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There is significant interest in the rules surrounding filibusters and when a motion for cloture will be considered to be in order by the presiding officer. This memo is meant to lay out how I intend to approach cloture motions during the long session of the 107th Legislature. The procedure is briefly laid out here; my reasoning is further below.
General Rule Regarding Cloture
In general, the following rules apply to a bill:
1. On general file, full and fair debate will have occurred after 8 hours of debate;
2. On select file, full and fair debate will have occurred after 4 hours of debate;
3. On final reading, and assuming that a motion for cloture had been adopted on either general file or select file, full and fair debate will have occurred after 2 hours of debate; provided, however, that if no motion for cloture was adopted on either general or select file, then full and fair debate will have occurred after 4 hours of debate on final reading.
In potentially rare instances, it may be that a bill is of such complexity, importance, and/or materiality to the State of Nebraska that additional time for debate is necessary. In such instances, on general file full and fair debate will occur at 12 hours, with appropriate adjustments made on select file and final reading. In such a case, I intend to provide the body advance notice of the threshold before each stage begins.
Conversely, while it is not my current intent to do so, I reserve the right, judging on the quality of the debate and the complexity of the bill, to adjust the threshold downward. If that happens, I will treat such occurrence as “precedent” and apply that decision in similar situations regardless of bill or introducer. Please note that my expectation is that floor debate addresses the policy under consideration and is not a member or members talking about unrelated issues to just run out the clock.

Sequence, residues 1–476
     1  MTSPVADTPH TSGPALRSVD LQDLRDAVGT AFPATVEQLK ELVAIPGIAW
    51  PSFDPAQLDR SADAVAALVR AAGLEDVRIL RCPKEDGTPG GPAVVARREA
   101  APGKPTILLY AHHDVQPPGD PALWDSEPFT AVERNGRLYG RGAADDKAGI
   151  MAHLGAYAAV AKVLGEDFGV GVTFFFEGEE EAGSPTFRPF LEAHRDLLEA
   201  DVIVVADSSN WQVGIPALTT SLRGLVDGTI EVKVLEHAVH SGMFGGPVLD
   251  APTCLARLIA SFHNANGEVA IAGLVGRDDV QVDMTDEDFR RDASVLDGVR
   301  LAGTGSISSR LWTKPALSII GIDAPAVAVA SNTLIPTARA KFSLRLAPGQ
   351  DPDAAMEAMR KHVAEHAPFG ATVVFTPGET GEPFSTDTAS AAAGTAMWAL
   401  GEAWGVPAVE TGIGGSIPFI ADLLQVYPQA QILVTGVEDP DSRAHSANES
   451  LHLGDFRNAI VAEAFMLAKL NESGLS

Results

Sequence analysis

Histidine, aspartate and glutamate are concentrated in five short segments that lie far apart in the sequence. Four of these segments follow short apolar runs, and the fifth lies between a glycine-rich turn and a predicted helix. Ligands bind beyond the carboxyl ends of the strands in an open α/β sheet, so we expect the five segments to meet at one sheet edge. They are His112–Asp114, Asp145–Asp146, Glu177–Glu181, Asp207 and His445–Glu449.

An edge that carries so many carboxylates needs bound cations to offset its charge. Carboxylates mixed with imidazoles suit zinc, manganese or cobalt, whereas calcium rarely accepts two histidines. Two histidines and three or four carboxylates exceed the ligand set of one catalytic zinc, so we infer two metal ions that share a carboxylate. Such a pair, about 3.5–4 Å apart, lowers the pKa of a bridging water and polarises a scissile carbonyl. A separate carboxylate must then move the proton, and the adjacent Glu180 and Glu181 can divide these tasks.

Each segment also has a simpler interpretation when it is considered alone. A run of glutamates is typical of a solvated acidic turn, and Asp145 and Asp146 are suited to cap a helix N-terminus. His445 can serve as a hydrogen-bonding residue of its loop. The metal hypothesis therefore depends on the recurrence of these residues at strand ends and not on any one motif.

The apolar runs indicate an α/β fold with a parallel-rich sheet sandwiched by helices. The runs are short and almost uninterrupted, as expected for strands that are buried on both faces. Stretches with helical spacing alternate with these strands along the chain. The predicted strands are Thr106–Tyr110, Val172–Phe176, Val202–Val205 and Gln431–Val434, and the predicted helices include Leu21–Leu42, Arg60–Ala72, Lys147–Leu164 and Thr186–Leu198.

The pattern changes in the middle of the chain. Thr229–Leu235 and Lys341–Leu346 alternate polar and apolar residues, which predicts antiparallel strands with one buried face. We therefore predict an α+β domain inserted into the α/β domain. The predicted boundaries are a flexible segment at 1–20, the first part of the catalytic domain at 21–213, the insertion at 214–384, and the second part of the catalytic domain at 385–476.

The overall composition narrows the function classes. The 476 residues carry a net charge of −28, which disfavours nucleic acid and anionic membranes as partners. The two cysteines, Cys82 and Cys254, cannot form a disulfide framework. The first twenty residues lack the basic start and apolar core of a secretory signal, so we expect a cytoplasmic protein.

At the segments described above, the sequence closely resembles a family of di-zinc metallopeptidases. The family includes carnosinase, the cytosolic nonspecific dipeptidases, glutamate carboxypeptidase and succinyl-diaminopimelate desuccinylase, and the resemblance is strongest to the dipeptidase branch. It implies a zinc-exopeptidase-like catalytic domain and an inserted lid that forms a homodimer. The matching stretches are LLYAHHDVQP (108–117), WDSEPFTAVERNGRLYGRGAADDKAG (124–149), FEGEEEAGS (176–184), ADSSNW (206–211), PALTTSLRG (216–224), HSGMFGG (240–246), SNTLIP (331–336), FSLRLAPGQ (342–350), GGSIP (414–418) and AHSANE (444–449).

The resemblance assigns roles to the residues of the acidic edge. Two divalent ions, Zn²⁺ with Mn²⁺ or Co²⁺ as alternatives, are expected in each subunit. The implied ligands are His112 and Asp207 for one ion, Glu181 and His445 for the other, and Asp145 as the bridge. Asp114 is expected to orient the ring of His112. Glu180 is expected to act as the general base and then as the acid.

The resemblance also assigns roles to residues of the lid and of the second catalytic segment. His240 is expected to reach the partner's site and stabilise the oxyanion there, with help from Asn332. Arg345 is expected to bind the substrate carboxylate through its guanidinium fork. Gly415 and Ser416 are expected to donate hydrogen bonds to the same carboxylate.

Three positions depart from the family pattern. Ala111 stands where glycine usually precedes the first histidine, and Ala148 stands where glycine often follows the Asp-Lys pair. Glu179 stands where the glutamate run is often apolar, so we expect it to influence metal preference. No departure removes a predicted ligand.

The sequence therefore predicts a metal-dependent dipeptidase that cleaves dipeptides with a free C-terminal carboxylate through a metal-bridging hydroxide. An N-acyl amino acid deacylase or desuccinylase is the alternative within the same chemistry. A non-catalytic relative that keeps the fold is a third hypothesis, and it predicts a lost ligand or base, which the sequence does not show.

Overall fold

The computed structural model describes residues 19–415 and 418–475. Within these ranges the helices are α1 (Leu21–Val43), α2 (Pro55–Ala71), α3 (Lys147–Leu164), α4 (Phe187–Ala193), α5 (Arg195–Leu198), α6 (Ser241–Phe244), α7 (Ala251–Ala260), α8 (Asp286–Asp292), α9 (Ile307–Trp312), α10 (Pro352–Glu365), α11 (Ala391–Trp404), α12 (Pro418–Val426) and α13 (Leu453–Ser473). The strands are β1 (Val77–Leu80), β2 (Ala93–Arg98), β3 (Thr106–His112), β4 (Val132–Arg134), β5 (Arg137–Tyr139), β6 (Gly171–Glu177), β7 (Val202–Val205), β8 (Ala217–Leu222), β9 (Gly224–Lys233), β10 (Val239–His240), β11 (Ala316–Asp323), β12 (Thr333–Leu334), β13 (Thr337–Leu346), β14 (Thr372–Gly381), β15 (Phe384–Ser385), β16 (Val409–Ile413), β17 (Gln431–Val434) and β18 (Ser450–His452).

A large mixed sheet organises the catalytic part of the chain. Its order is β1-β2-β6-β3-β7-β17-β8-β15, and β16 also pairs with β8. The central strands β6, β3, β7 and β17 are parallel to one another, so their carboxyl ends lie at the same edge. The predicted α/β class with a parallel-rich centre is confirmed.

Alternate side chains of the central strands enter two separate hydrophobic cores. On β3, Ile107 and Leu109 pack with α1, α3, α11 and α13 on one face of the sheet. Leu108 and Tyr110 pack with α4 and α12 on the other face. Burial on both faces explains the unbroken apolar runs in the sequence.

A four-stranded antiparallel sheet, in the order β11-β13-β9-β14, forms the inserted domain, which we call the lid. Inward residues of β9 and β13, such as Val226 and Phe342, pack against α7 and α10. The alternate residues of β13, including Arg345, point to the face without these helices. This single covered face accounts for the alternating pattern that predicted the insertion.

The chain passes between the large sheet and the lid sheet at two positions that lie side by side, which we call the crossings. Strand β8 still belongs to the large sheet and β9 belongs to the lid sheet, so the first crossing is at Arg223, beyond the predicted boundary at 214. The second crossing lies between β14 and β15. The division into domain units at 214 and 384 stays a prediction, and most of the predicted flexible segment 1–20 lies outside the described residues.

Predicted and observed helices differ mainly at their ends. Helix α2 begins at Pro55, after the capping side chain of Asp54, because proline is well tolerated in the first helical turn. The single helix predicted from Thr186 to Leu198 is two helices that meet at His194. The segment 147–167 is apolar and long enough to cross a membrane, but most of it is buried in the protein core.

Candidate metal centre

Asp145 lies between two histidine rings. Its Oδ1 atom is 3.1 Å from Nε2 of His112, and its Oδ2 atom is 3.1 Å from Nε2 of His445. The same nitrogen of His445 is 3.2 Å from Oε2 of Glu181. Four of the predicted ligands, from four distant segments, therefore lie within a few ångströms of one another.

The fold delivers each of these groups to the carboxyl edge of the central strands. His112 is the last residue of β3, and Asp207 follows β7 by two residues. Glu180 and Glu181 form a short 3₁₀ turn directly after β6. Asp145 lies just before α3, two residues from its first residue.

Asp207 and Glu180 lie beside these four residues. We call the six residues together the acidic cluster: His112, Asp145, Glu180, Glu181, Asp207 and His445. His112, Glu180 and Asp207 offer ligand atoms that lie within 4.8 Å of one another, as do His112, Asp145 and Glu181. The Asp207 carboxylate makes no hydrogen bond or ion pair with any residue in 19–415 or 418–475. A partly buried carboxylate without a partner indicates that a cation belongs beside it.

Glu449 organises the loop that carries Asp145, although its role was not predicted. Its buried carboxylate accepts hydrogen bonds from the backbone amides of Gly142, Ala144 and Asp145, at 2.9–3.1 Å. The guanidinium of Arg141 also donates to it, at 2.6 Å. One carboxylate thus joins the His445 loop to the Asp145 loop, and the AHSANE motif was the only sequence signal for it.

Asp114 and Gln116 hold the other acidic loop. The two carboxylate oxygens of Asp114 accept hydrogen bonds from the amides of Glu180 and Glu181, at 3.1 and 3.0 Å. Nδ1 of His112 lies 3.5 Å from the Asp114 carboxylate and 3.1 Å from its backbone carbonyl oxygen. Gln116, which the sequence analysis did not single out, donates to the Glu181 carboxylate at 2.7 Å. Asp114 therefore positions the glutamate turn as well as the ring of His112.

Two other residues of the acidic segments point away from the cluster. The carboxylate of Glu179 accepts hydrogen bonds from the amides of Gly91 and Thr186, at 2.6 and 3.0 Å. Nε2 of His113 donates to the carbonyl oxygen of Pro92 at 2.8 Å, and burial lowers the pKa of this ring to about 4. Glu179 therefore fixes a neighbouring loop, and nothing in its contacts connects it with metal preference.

Analysis and Reasoning
The motion for cloture goes to many issues at the heart of our work — the proper use of floor debate, which is one our most important tools, the proper allocation of scarce time, as well as important principles of process including fair notice, uniformity, and equal application of rules. I have elaborated on my reasoning here so that the body can understand how I have tried to balance these issues to further our work.
Rule 7, Section 10 sets out the cloture motion. It provides that “the presiding officer may rule such motion for cloture out of order if, in the presiding officer’s opinion, a full and fair debate has not been afforded. Such ruling by the presiding officer shall not be subject to challenge.”
The rule provides three specific elements — (1) the motion for cloture is within the discretion of the presiding officer; (2) a standard of “full and fair debate”; and (3) that the motion is not subject to challenge.
Nowhere do the rules specify any specific time for when “full and fair” debate will occur; indeed, what is “full and fair debate” will depend on a variety of factors, including the complexity of the bill, the substance of the issue, and the importance to the State, such that full and fair debate could not reasonably be determined by a clock.